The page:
In addition to offering stories told from the perspective of young, female protagonists, the books in this Reading Ladder also portray the different ways in which a person can be strong. The characters in these books exhibit varying levels of physical, mental, emotional, and moral strength. This variety of strengths is important as it shows young readers that heroism and courage do not just manifest in physical feats or in dramatic acts, but can also be portrayed through quiet, everyday efforts.
The books in this Reading Ladder also feature characters who come from different cultures and nations. The books feature a Latina (Mexican) female protagonist, a Haitian-Welsh female protagonist, a German female protagonist, a racially ambiguous female protagonist from Appalachia, and an Arab American (Bedouin) female protagonist. This is important for readers, particularly young readers for two reasons. First, for readers who come from non-dominant cultures — such as the ones represented in these books — reading about characters that share these cultural backgrounds can provide them with identification and a sense of positive acknowledgement. In “Hispanic Representation in Literature for Children and Young Adults,” Arlene L. Barry notes that the curricula teachers and schools choose to use can have a strong impact on how students from various cultures perceive themselves. She writes, “The knowledge passed on through the curriculum determines which groups are valued or devalued. Valuing one’s ethnicity allows one to value oneself, an important step in success anywhere” (Barry 630). In other words, if students do not see themselves and their cultures represented in school in a positive way, they will not only suffer academically, but personally. The books in this Reading Ladder will allow students from a diverse group of cultures to see that their identities and experiences are valued by both the teacher assigning the reading material and the literary community that has made the publication of the books possible. As Nilsen, et al. note, readers who come from dominant cultures can also find identification with characters from non-dominant cultural groups:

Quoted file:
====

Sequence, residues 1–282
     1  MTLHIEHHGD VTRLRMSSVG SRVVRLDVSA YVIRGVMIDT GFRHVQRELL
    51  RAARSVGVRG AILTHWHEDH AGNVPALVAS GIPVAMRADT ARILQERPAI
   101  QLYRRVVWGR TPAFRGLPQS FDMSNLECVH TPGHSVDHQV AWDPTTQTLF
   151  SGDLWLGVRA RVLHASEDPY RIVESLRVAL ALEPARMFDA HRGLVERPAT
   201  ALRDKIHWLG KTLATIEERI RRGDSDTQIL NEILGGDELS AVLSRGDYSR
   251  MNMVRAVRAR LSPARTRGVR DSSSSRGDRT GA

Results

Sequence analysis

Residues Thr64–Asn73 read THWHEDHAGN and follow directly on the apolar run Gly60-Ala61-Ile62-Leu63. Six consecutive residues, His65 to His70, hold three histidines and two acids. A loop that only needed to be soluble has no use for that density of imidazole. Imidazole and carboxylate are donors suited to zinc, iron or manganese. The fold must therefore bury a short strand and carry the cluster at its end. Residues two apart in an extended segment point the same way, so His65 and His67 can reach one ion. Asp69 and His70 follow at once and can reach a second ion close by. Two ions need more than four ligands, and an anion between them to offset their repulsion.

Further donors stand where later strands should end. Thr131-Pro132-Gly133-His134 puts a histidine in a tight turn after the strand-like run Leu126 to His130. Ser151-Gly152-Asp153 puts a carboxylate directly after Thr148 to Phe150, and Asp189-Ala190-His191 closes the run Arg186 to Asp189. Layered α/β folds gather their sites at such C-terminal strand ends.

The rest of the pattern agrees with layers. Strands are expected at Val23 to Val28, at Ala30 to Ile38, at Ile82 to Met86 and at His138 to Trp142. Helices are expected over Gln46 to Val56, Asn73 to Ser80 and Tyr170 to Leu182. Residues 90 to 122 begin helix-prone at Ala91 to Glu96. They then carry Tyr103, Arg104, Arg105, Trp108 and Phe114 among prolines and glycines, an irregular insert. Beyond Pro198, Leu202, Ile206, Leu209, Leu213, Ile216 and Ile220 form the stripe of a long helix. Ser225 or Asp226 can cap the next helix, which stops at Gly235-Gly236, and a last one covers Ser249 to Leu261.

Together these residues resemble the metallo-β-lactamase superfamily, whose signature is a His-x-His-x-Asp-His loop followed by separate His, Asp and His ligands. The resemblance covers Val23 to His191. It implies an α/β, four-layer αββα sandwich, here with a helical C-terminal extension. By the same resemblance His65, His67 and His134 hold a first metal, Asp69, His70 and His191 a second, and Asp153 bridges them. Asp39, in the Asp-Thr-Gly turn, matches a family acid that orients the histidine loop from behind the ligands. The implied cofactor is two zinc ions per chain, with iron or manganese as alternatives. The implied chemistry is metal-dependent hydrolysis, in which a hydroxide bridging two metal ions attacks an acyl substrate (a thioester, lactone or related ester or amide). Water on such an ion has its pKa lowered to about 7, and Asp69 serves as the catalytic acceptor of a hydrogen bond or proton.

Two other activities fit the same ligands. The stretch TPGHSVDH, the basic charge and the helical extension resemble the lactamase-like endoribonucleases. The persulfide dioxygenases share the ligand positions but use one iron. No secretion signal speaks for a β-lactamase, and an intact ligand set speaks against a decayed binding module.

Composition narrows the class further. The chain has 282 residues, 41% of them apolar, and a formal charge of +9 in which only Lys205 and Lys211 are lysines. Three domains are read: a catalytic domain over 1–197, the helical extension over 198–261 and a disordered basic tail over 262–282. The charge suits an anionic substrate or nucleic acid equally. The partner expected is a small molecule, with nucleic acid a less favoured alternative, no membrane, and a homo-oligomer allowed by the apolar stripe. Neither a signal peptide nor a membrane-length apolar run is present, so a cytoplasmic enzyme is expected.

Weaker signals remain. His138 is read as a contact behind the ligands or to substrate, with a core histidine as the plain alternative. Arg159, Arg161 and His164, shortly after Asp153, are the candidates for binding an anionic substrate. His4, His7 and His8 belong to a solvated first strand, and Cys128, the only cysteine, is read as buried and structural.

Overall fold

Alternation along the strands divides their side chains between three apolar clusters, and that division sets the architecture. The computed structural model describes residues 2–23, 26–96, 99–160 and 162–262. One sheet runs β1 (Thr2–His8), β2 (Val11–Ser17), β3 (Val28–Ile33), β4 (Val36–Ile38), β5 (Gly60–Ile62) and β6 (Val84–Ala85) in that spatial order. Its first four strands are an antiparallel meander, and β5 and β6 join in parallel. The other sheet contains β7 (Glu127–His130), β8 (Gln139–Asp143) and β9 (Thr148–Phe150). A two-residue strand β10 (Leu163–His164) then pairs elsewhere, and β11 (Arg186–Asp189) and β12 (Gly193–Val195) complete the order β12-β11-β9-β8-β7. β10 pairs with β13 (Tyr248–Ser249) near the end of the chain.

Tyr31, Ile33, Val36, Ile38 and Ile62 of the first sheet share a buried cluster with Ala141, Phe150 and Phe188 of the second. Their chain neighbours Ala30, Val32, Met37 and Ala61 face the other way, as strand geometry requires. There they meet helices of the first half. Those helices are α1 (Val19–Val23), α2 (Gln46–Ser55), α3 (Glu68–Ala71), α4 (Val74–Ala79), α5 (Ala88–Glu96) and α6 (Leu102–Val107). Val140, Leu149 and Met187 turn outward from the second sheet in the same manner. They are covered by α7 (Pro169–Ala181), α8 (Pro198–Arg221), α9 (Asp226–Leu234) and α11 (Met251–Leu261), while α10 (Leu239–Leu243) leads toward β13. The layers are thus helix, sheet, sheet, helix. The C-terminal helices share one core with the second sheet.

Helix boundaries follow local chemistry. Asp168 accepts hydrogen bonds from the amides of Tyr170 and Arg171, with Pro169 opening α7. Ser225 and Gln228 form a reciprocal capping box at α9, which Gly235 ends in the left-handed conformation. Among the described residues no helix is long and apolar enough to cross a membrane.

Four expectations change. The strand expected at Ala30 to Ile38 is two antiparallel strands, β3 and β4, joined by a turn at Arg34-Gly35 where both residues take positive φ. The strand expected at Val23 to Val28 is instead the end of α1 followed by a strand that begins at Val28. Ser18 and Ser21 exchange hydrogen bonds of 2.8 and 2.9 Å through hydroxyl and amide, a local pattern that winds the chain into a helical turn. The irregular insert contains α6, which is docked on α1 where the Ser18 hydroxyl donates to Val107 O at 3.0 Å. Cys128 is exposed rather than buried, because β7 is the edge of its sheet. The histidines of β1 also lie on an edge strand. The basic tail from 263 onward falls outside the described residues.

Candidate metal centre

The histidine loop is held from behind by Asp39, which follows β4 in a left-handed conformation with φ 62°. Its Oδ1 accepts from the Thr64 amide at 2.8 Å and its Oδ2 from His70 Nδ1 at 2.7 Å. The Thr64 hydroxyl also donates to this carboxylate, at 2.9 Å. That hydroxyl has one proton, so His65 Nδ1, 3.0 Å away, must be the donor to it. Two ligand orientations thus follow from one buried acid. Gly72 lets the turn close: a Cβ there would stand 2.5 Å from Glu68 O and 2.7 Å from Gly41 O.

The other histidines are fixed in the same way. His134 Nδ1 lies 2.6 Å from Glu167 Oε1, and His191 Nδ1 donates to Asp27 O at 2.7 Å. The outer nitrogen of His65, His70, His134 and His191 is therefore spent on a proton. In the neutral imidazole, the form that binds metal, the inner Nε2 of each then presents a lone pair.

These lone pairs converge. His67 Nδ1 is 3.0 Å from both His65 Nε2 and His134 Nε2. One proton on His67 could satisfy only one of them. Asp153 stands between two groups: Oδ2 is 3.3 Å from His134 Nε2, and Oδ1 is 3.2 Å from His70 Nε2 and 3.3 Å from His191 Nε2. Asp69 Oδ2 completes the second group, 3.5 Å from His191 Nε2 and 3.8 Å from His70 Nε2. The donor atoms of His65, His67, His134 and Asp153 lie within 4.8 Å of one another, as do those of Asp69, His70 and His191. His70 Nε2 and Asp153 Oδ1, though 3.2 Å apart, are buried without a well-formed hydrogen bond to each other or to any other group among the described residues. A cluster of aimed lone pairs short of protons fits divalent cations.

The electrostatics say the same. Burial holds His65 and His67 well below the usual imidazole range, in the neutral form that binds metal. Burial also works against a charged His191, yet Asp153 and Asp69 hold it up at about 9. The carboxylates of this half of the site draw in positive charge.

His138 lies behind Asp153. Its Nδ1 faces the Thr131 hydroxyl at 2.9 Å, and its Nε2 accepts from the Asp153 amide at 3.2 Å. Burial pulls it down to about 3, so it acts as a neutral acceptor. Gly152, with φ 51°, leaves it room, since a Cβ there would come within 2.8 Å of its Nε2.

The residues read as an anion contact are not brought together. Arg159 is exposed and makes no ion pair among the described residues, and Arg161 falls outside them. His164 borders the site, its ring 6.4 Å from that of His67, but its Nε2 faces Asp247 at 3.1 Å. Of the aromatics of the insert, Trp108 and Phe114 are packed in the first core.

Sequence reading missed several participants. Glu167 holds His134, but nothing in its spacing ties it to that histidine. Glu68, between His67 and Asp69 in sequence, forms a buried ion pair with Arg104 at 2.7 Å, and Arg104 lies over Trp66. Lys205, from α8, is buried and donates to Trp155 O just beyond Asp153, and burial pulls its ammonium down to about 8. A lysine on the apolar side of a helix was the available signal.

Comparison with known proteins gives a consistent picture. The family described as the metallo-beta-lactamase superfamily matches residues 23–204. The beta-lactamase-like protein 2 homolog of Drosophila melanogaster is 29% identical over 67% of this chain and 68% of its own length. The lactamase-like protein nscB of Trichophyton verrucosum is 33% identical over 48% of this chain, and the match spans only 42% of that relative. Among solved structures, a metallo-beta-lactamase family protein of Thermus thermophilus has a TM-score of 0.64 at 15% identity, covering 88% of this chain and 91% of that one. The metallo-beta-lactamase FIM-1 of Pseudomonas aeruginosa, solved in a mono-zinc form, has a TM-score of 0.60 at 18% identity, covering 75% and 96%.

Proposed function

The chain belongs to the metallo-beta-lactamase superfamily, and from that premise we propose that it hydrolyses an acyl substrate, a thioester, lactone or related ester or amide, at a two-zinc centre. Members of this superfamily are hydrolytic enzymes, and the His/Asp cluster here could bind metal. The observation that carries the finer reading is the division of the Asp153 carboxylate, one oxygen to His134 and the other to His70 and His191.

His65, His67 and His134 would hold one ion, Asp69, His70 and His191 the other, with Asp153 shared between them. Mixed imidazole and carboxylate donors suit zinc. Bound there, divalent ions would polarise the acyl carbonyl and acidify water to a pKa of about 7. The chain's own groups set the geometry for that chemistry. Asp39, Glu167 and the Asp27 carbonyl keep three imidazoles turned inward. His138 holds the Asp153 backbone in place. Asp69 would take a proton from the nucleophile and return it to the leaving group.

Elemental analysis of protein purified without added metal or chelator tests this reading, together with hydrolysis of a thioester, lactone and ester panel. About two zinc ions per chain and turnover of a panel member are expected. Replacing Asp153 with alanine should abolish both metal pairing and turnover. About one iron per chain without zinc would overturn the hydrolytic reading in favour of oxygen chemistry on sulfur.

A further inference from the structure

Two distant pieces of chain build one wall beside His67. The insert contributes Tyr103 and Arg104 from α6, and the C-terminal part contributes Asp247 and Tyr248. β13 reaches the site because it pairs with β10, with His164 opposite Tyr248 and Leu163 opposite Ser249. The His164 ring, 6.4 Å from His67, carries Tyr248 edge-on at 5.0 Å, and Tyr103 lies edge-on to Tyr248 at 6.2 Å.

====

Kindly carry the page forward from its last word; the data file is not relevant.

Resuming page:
Young readers can identify with characters who straddle two worlds because they have similar experiences in going between the worlds of adulthood and childhood. Motifs that commonly appear in ethnic stories — including loneliness, fear of rejection, generational differences, and troubles fitting into the larger society — are meaningful to teenagers. (Nilsen, et al. 97)